When designing the landscape, keep in mind that turfgrasses need more water and maintenance than most other plants. To conserve water, reduce the size of the lawn by including patios, decks, shrub beds and groundcovers in the landscape design.
Also consider the ease of watering turf areas. Areas that are long and narrow, small, or oddly shaped are difficult to water efficiently. Confine grass to blocky, squarish areas that are easier to maintain.
Tremendous amounts of water are applied to lawns and gardens, but much of it is never absorbed by the plants and put to use. Some water runs off because it is applied too rapidly, and some water evaporates from exposed, unmulched soil; but, the greatest waste of water is applying too much too often.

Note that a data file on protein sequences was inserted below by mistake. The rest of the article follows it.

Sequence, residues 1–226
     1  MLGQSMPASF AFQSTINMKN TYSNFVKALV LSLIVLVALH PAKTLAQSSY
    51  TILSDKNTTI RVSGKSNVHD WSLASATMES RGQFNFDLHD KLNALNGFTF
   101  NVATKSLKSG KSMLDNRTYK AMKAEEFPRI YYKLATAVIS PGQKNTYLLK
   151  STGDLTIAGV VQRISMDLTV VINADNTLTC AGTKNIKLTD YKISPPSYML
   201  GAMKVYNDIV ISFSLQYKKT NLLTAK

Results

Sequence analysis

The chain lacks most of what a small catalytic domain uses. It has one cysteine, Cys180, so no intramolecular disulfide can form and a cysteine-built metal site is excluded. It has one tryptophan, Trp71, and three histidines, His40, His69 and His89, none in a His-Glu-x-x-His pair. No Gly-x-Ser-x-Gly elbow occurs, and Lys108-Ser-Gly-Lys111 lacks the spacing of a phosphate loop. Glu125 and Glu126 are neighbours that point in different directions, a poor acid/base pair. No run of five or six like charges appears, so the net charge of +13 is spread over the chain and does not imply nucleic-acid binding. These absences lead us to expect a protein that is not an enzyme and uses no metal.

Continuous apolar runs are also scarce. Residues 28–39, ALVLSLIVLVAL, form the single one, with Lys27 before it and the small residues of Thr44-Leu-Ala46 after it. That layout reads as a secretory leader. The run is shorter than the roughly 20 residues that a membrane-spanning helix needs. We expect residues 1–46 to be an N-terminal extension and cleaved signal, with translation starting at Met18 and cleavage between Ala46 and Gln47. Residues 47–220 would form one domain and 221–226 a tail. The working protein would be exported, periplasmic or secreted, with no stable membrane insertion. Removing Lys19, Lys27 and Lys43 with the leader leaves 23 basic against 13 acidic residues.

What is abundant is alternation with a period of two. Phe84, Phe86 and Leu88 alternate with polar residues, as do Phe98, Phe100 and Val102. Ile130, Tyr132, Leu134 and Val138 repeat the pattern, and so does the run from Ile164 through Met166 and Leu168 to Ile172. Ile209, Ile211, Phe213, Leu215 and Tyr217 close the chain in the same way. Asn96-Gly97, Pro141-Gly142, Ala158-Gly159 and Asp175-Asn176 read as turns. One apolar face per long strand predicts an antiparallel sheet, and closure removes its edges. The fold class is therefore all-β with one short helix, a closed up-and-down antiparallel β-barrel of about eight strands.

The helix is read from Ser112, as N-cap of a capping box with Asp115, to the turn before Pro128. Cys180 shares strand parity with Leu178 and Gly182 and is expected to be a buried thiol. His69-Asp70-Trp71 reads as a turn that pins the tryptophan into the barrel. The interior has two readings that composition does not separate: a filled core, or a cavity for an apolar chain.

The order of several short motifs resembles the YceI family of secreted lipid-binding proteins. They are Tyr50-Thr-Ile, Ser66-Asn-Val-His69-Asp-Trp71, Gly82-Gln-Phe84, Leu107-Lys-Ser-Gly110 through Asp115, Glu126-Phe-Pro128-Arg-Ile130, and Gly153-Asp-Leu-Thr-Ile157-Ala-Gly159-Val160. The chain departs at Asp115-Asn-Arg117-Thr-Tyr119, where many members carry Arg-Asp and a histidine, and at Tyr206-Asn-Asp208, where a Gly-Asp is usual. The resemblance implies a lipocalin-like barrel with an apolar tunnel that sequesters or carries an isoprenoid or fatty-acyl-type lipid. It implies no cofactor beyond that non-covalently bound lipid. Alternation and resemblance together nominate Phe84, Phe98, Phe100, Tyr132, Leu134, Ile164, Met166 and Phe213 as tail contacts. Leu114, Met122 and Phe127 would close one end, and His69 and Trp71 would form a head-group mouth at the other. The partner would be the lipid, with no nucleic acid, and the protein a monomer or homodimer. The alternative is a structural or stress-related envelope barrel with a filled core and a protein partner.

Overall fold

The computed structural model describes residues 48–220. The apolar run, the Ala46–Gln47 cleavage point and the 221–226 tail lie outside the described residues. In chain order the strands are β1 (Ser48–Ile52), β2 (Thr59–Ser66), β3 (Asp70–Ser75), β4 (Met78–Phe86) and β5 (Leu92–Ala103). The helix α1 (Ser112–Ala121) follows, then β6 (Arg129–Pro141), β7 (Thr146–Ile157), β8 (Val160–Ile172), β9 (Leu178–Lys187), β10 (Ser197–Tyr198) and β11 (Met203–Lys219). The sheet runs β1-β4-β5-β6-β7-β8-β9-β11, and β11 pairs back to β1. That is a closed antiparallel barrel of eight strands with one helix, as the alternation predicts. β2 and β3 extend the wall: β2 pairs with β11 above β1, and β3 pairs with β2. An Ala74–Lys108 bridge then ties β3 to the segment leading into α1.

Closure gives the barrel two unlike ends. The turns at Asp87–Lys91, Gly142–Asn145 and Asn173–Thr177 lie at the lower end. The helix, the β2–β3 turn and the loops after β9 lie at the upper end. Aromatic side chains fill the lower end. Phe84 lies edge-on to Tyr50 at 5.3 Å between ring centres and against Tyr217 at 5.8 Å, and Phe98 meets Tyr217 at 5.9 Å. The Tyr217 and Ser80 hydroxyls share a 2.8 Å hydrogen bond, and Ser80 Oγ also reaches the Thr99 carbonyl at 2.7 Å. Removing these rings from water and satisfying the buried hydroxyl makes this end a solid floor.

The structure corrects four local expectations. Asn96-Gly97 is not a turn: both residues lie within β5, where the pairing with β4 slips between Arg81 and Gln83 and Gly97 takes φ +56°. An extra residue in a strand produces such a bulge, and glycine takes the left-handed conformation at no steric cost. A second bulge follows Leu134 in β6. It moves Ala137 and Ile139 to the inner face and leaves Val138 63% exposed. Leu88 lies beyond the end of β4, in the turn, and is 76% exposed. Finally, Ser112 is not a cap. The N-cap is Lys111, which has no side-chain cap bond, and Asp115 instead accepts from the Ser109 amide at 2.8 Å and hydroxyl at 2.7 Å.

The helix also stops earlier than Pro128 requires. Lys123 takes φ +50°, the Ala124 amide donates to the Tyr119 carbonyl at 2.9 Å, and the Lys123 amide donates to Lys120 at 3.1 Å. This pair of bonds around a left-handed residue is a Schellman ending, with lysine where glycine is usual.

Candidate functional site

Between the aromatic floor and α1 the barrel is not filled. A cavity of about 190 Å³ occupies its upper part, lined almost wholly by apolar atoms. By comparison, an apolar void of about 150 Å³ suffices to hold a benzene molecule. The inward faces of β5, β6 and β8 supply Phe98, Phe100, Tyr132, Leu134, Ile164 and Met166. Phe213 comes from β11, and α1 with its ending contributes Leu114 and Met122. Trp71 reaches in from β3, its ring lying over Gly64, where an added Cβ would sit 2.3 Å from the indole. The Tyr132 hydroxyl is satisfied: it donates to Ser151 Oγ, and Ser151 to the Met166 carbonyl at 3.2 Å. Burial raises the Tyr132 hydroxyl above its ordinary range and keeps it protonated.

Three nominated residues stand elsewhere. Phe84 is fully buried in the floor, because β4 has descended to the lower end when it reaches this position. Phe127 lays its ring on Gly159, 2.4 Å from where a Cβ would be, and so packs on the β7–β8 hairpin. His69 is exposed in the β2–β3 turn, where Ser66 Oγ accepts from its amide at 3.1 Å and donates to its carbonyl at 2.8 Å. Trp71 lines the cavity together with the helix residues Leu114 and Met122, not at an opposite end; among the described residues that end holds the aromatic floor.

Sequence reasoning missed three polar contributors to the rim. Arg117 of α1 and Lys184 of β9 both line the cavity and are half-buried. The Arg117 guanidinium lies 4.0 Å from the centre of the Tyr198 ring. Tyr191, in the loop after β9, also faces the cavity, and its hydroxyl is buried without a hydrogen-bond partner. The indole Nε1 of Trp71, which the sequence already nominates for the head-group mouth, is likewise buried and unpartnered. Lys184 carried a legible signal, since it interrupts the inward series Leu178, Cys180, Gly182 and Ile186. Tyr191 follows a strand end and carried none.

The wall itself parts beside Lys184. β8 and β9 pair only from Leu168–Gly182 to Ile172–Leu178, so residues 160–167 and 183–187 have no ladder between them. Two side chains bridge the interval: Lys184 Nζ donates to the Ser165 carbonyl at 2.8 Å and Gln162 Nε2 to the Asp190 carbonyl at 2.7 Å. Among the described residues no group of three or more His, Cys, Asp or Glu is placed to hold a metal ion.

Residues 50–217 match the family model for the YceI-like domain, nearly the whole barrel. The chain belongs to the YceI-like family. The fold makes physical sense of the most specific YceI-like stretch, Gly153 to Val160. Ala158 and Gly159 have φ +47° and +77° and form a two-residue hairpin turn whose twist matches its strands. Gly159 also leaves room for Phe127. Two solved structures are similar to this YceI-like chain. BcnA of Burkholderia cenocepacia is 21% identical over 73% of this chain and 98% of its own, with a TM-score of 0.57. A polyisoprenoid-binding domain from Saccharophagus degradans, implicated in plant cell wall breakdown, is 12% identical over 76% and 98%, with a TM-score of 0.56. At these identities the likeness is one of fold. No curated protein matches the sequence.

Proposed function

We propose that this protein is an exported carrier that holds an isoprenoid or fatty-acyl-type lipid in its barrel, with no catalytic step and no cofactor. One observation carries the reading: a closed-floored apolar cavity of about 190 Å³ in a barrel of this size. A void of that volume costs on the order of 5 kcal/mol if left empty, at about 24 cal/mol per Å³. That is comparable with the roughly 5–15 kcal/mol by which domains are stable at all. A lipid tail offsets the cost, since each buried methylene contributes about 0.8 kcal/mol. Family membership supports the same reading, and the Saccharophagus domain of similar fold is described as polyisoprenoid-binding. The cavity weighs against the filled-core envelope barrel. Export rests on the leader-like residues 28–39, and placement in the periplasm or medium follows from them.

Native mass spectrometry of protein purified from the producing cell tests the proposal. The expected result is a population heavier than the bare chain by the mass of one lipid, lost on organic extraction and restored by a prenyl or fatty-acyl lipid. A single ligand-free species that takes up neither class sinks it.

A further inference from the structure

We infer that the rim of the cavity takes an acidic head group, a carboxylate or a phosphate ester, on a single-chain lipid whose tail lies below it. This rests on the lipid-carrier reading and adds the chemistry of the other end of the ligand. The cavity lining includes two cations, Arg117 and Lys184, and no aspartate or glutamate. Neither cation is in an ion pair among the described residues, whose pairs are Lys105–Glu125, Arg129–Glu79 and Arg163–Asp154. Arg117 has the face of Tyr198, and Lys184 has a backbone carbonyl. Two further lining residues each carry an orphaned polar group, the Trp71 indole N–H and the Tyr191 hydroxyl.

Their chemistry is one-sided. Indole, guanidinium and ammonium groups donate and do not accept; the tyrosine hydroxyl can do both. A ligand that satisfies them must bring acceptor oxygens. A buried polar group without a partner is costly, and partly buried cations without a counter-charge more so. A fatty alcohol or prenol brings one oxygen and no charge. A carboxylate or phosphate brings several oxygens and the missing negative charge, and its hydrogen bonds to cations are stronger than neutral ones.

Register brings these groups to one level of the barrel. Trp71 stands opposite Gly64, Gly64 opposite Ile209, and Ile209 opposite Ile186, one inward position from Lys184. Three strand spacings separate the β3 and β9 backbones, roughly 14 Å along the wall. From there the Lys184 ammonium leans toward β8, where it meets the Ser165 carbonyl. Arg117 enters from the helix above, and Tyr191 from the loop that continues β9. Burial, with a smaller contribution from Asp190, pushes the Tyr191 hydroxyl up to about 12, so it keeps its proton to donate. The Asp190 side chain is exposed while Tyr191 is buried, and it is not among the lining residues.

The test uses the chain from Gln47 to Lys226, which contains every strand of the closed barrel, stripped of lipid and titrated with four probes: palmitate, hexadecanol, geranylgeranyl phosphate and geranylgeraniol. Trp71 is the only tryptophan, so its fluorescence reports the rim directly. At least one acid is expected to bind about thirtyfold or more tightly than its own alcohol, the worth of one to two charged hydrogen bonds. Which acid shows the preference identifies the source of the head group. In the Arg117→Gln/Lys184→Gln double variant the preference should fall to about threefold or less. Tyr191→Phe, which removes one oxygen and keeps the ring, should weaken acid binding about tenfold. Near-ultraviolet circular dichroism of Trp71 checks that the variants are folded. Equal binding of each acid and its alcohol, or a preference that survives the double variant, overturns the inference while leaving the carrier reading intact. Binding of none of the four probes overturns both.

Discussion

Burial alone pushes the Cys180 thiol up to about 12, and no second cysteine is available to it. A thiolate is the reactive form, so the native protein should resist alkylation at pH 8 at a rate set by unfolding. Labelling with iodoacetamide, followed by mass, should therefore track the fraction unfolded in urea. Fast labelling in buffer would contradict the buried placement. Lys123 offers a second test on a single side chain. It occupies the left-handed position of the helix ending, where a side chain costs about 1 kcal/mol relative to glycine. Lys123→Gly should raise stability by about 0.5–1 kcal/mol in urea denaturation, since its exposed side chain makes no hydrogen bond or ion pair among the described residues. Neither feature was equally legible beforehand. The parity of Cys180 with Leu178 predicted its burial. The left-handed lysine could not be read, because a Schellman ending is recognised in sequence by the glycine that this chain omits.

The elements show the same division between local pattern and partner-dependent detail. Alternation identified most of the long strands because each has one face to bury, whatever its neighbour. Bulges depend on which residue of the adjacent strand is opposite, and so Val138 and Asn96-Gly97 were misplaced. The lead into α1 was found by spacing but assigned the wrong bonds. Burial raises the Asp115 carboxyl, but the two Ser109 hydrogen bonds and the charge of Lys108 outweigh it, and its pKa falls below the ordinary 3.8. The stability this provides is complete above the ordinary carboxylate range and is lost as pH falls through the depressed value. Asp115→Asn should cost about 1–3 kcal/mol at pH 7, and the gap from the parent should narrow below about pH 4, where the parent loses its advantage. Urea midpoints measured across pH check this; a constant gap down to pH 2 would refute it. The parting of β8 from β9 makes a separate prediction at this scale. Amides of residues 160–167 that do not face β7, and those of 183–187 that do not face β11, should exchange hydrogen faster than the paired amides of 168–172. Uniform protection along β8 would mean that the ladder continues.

When too much water is applied to the landscape it can leach nutrients deep into the soil away from plant roots, and possibly pollute groundwater. Runoff also can cause pollution by carrying fertilizers and pesticides into streams and lakes. These problems can be eliminated with proper watering techniques.
Outstanding Turfgrasses for Texas
Common name (pictures) / Best adapted for Map Region / Drought Tolerance
- Bermudagrass (pictures) / 7 / Good Drought Tolerance
- Buffalograss (pictures) / 3,4,5,6 / Excellent Drought Tolerance
- Carpetgrass / 1 / Adapted to Moist Sites
- Centipedegrass (pictures) / 1 / Tolerates Drought
- St. Augustinegrass (pictures) / 1,2,3,4 / Poor Drought Tolerance
- Tall Fescue (pictures) / 4,5 / Poor Drought Tolerance
- Zoysiagrass (pictures) / 7 / Good Drought Tolerance